Vandals hit Israeli Conservative synagogue on Yom Kippur

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When they returned for services the following morning, congregation members discovered that vandals had thrown a fist-sized rock through the synagogue's glass door, shattering it, and that the synagogue's mezuzah had been torn off its doorpost.

Tischler said the incident, which police are investigating, was not the first case of vandalism against the synagogue.

"Someone threw a rock through the shul's kitchen window on Rosh Hashanah, but we didn't report it," he said.

"We built the synagogue with our own funding, and since opening a year and a half ago, there have been lots of little incidents like people stealing our mailbox. We always chalked it up to petty vandalism and didn't go to the police."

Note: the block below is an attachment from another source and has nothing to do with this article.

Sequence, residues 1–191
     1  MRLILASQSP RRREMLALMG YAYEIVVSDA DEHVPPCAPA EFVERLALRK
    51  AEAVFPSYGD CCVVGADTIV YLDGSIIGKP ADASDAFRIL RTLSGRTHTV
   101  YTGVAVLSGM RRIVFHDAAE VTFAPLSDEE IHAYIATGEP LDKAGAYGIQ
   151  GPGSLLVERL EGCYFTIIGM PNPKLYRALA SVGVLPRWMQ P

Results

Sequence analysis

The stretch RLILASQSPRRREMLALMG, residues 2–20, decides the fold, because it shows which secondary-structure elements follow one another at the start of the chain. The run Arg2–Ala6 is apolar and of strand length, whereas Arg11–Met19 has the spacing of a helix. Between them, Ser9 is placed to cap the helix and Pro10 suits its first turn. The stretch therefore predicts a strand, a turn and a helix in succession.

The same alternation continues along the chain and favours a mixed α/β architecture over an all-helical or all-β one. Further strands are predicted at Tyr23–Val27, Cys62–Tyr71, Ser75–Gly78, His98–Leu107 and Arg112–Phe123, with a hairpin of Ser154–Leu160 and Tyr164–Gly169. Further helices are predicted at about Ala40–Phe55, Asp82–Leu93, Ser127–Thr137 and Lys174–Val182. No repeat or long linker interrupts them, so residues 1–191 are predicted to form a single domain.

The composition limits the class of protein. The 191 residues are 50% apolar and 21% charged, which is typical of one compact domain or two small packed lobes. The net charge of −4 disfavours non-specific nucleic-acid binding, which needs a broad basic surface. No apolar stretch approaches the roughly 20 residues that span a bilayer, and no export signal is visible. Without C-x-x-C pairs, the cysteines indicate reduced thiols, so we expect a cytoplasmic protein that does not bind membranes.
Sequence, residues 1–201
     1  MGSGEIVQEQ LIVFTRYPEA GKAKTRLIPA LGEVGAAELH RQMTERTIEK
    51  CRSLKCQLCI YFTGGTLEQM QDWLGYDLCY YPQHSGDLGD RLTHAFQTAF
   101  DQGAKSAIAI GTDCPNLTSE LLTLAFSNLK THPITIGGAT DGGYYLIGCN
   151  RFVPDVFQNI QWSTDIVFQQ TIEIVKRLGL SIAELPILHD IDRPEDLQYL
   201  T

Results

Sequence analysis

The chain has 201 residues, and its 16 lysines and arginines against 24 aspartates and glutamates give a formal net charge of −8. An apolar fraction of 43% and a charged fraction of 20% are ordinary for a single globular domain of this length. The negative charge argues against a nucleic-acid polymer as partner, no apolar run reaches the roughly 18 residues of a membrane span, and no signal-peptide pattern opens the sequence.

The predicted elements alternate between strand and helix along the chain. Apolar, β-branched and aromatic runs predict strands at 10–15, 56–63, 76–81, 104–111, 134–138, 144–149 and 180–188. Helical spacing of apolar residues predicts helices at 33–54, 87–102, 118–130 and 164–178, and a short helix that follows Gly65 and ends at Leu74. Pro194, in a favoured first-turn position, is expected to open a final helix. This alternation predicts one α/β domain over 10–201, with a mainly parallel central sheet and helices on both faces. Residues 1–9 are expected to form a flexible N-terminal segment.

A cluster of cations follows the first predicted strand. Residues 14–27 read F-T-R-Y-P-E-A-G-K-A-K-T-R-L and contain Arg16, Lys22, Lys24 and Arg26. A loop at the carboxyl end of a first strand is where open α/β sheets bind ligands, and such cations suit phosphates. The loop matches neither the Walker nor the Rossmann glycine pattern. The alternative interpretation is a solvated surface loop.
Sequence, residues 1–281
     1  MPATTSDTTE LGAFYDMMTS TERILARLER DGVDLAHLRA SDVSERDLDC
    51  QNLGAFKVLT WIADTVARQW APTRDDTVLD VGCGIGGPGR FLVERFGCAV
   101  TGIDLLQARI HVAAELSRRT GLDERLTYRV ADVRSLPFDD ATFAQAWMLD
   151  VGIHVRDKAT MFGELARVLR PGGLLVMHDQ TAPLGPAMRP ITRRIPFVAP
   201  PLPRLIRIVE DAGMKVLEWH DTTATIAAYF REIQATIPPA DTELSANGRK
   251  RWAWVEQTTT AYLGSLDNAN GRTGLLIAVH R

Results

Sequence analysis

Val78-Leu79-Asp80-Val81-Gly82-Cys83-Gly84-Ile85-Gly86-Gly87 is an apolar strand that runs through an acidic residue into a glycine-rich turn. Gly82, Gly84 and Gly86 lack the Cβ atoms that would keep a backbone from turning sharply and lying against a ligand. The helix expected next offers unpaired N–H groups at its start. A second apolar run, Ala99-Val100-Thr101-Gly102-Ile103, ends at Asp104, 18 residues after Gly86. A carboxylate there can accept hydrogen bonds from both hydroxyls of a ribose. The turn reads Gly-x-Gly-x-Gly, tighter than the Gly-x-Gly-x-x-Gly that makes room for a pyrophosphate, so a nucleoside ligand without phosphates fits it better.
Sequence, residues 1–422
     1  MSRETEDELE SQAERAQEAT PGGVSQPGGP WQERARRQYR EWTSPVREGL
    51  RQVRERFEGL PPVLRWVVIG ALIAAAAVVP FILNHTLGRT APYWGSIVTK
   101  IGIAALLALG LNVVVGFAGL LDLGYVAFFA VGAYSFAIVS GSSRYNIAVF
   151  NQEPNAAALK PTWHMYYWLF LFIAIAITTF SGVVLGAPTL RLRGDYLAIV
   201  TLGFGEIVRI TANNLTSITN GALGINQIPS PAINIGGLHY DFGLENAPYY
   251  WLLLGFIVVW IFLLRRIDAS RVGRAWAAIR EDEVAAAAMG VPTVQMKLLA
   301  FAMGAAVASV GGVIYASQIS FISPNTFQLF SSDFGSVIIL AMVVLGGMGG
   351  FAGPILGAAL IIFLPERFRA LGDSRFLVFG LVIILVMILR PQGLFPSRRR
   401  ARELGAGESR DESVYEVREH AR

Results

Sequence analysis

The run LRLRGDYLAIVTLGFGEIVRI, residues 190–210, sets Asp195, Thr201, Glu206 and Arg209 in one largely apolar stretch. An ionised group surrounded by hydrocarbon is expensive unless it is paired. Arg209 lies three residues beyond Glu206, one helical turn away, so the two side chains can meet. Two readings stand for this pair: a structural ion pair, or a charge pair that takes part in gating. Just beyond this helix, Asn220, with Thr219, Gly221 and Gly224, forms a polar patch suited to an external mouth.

He added that synagogue officials decided to contact the police because of similar incidents that have occurred in the Jerusalem area.

The decision was influenced, he said, by an Oct. 7 incident, when vandals painted swastikas and the words "Damned Wicked Ones" on the glass-enclosed billboard at the entrance to Jerusalem's Harel Reform synagogue.

Tischler also referred to an Aug. 31 firebombing of a nursery school operated by the Reform movement in Mevasseret Zion, a suburb of Jerusalem.

"There seems to be a pattern," he said. "To remain silent is probably counterproductive at this point."

Tischler added that vandalism will not thwart the synagogue's efforts to reach out to community members.

"We have about 150 families and are expanding all the time. Many of those who attended Kol Nidre services were in the shul for the first time.

"We will continue to reach out to the community no matter what" happens, he said.